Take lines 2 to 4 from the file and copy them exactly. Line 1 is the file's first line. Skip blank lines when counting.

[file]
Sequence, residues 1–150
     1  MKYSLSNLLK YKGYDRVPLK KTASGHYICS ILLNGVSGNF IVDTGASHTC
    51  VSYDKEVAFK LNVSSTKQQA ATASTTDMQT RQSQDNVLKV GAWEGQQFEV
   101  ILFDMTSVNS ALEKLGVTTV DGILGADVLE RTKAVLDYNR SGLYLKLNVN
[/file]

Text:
     1  MKYSLSNLLK YKGYDRVPLK KTASGHYICS ILLNGVSGNF IVDTGASHTC
    51  VSYDKEVAFK LNVSSTKQQA ATASTTDMQT RQSQDNVLKV GAWEGQQFEV
   101  ILFDMTSVNS ALEKLGVTTV DGILGADVLE RTKAVLDYNR SGLYLKLNVN